This article describes how IRMAA is determined, what you can expect to pay, and how to contest the decision if your income has changed.
I recently made the switch to Medicare, but they still aren't paying my claims. Why?
The most common reason Medicare fails to pay claims when you first enroll is because you had group health insurance through an employer (either yours or your spouse's) when you turned 65. If you retired (or your spouse, if the insurance was through their employer) and nobody informed Medicare, then Medicare does not know it is now your primary insurance. Of course, your benefits administrator is supposed to notify Medicare of the change. But mistakes happen. Your best bet is to call 1-800-MEDICARE.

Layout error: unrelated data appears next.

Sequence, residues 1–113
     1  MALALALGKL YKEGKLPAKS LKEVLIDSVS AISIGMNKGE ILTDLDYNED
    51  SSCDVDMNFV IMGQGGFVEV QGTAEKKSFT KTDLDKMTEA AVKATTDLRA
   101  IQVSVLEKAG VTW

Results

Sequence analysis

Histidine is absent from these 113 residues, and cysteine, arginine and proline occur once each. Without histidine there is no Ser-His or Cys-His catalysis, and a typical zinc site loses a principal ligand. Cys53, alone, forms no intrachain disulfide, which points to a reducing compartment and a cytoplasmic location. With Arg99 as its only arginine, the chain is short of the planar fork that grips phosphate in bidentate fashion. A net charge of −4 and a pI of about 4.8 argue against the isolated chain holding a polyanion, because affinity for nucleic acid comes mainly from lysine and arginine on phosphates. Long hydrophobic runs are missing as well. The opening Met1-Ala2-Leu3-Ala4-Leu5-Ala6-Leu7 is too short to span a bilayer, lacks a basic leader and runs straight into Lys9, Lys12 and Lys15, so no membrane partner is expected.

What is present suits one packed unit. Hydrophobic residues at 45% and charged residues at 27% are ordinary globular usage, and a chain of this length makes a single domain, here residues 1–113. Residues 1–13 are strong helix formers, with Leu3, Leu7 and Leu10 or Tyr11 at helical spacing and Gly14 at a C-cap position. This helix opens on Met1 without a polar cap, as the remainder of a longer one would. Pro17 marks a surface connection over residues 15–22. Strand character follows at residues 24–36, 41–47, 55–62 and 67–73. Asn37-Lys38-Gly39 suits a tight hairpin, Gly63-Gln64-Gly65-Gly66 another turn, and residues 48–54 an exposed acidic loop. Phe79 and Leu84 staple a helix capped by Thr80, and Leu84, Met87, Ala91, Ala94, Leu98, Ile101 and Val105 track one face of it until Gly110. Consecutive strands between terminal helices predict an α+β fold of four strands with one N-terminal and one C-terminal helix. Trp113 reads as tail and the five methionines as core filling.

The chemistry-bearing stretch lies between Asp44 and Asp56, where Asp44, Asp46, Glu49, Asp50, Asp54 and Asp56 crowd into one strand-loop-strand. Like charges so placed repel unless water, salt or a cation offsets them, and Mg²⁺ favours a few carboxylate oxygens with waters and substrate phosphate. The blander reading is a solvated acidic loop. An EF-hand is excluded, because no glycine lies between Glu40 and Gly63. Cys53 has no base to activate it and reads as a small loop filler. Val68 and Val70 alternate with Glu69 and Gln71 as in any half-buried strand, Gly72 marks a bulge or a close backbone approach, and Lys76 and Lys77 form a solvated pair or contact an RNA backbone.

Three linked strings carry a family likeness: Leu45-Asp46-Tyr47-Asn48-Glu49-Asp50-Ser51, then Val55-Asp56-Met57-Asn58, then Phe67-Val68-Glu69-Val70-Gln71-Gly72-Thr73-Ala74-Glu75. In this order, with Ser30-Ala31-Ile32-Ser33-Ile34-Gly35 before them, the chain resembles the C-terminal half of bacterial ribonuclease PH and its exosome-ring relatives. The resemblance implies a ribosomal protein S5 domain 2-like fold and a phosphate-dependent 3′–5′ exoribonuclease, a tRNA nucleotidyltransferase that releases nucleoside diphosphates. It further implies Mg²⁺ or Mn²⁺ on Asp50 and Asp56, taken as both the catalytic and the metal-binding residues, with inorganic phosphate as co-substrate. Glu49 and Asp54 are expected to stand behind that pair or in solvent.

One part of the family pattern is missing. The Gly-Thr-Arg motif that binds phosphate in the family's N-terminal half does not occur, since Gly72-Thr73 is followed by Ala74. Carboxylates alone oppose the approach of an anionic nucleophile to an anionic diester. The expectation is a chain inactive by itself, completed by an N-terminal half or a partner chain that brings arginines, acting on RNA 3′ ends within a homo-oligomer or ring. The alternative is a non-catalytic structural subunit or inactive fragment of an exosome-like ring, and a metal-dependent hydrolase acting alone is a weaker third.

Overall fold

Another reason Medicare may not pay your claims is that you haven't met your yearly deductibles. The Medicare Part B deductible is $226 in 2023. For Part A, deductibles are per benefit period, which begins the day you're admitted as a hospital inpatient and ends once you go 60 consecutive days without receiving inpatient care. The Medicare Part A deductible in 2023 is $1,600.
To learn more about Medicare deductibles, click here.
Finally, Medicare relies on your healthcare provider to submit a claim for payment. If the provider fails to do so, Medicare doesn't even know there's a claim to pay. If your provider does not accept assignment (i.e. agree to accept the Medicare-approved amount), you have to submit the claim to Medicare yourself. Alternatively, your provider may simply have forgotten to submit the claim, or made an error of some kind. This article explains the Medicare claim process and how to submit a request for reimbursement.